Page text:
More than 90% of recruiters search for applicants online. If your social media profiles, blog posts, LinkedIn activities, or other online presence makes it clear you have a disability, you may decide to disclose earlier in the process. This may allow you to better control and craft the employer’s perception of your disability because you’re starting the conversation and can provide context and supporting information about your strengths and best qualifications.
2. Will you need reasonable accommodations to perform the essential functions of the job?
If you know you absolutely will, it might be something you need to bring up once you’ve been offered a job. If you don’t believe you will need accommodations, you may not need to disclose unless that changes. Remember, you can request accommodations at any point during the application process, or during your employment—there are no limitations.
3. How much and in what ways do you want to disclose?
Haley Moss, a lawyer with autism, shared her own experiences in the article, “How I Disclose My Disability During a Job Search.” Moss writes:
“When searching for a job while finishing up law school, I learned that I had to disclose early on, either on the application itself or in an interview, because employers would likely Google my name, and my résumé would appear sparse if I removed disability-related content and experiences. Even after initial disclosures either on an application or in the interview process, I learned disclosure is not a one-time thing; rather, it’s an evolving conversation that varies as time goes on.”
Your initial disclosure is not the last conversation you’ll have, and it doesn’t need to include every possible detail and scenario imaginable.
4. What will you say?
Just like with a job interview question or conversation, it’s a good idea to prepare some thoughts ahead of time and practice them.
Moss recommends being brief and talking about your strengths and what you can do, rather than focusing only on what you can’t do. In what ways has your disability or health condition changed the way you work for the better?
5. What other information might you need?
Alberta ALIS, a Canadian career development and support organization, recommends preparing the following information before you talk to an employer:
- Be positive. Focus on your skills and qualifications and don’t present your disability as a weakness.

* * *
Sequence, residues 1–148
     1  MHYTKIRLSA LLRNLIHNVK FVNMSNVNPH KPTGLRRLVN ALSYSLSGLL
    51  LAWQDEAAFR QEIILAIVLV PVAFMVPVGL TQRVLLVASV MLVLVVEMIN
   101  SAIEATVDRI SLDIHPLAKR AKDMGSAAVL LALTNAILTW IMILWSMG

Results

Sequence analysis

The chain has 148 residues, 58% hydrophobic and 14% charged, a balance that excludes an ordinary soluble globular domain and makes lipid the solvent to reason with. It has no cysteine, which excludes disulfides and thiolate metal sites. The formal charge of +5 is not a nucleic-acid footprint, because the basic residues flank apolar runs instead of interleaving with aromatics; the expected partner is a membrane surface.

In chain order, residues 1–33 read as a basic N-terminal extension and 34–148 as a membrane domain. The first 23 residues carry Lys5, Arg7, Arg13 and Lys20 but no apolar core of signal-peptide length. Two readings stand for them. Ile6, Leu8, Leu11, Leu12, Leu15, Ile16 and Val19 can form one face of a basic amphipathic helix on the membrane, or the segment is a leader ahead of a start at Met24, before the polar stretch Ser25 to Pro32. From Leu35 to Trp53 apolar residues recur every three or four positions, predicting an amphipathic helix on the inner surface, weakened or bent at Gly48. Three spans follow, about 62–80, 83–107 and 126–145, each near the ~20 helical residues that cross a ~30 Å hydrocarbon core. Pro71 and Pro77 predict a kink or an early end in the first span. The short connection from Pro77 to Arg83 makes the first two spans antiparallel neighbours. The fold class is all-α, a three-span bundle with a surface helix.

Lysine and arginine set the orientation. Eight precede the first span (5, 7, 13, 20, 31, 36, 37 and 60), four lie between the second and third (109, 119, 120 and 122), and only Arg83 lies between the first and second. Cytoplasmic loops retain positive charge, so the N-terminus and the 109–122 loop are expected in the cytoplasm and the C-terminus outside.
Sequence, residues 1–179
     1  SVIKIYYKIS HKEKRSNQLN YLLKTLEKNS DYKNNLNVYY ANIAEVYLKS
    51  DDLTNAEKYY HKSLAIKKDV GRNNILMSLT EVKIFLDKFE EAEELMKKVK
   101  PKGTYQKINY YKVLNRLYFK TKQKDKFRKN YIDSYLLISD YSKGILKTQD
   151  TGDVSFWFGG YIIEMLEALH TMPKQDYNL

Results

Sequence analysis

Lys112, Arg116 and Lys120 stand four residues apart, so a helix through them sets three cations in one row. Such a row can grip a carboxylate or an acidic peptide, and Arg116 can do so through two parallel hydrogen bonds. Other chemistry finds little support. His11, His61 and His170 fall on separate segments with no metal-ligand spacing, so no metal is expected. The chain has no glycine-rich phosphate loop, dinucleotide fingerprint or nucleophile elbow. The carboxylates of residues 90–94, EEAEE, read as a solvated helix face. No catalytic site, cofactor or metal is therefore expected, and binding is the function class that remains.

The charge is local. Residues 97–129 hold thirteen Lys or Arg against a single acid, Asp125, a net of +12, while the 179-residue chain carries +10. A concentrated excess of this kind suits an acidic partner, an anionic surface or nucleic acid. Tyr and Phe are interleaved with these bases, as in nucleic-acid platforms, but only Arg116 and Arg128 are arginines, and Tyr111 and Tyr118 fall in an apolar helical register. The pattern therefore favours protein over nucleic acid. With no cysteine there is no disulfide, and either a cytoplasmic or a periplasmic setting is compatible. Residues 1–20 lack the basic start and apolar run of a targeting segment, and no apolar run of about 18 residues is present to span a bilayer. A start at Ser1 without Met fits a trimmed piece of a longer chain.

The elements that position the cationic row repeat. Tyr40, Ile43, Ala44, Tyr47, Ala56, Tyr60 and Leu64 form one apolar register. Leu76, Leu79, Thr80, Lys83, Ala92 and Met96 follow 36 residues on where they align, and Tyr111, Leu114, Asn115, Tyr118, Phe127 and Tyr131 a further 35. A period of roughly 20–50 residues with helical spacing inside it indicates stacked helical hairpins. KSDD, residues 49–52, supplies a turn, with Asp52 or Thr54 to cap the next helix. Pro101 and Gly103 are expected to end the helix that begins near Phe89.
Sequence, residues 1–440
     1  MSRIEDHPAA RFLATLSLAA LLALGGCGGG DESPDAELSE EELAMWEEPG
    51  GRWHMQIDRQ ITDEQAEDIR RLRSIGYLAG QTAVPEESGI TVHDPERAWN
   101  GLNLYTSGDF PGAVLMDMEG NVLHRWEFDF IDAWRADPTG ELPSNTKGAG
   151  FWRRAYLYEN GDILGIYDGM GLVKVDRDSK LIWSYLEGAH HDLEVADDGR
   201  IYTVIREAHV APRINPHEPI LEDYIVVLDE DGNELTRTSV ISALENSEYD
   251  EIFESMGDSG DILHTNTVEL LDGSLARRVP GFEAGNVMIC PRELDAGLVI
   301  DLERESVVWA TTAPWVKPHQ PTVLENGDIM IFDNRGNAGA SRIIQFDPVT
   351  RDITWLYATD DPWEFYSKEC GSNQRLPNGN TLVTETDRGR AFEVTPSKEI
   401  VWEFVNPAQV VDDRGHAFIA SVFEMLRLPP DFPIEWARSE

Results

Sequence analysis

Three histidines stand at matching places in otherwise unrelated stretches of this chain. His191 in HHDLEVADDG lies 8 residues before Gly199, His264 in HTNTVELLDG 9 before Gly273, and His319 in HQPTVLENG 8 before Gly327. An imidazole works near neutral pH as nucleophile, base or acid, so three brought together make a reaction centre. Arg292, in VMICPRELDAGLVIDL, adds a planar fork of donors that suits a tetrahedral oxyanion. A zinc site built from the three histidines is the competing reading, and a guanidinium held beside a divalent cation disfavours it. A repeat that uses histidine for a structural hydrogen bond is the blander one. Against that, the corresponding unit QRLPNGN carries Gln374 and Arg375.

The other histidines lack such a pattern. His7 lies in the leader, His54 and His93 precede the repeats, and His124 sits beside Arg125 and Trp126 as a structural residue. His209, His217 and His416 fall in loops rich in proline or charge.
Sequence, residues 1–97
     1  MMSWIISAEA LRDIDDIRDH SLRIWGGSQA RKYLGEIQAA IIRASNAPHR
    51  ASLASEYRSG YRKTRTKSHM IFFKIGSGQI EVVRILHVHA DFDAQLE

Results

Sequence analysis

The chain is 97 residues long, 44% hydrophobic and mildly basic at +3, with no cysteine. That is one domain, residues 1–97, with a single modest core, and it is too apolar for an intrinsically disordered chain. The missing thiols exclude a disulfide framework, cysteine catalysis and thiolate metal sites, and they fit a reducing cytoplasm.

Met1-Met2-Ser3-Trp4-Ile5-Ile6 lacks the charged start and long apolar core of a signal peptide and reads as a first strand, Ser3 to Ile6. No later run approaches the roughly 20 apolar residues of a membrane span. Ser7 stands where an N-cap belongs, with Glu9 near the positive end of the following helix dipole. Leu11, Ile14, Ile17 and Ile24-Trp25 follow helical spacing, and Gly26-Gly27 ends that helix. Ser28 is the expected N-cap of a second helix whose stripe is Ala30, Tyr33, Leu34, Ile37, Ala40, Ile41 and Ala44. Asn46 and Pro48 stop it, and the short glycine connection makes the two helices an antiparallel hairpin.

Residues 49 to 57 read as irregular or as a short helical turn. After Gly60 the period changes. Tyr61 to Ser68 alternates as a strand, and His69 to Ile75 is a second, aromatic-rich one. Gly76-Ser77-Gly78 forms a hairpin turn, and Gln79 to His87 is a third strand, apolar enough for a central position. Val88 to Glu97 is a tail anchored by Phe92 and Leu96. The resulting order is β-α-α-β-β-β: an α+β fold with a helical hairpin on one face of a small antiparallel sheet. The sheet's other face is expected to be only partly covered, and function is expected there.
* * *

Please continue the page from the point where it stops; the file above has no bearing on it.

- Be prepared to address any concerns employers express, even if they’re not expressed directly.
- Know what workplace accommodations you may need, including their availability and cost, and the funding programs the employer can access.
- Anticipate the employer’s questions about your disclosure and know how you’ll answer them. Use examples.
Sample Disclosure Scripts for Different Situations
These samples come from two great resources: SoftSkillsBuilder and Indiana University of Pennsylvania Department for Disability Access and Advising.
For cover letters: “My experiences managing my own disability will enable me to provide exceptional customer service to buyers of your company’s assistive technology products.”
For scheduling job interviews: “I am excited to have the opportunity to interview with your company. As I have a vision impairment, I would appreciate it if you could provide a large-print job application form to me. Thank you.”
For scheduling job interviews: “Thank you for your call. I look forward to meeting with you to discuss the position. I do want to quickly mention that I have a noticeable facial disfigurement. It has no effect at all on my ability to perform the job, but I didn’t want to catch you by surprise.”
For during job interviews: “My physical disability has taught me to persevere when faced with challenges. If I’m having difficulty with something, I keep at it until I succeed. I don’t let myself get discouraged, and I never give up.”
For during job interviews: “You’re probably wondering how I am able to work on a computer since I have limited use of my hands. Well, I simply speak into a microphone, and a terrific software program does the typing for me! So, while I may not perform my job in quite the same way as my co-workers, I’m sure you’ll be pleased with my high-quality results.”
For larger conversations: “I have (list your key skills/abilities) and can perform the essential functions of this job, but sometimes (indicate your functional limitations) might interfere with my ability to (describe the duties you may have difficulty performing). I accommodate my functional limitations by (explain some ways that you accommodate your disability). It’s helpful if I have (describe the specific accommodations you need).”
For larger conversations: “I have a medical condition that sometimes interferes with my ability to ___________. In a previous position, I found that ____________ helped to minimize my problems in this area. I would like to discuss implementing a similar workplace accommodation here. I am confident that my experience, skills, and enthusiasm will enable me to perform the position of ________ successfully. I look forward to proving myself as a valuable member of your work team.”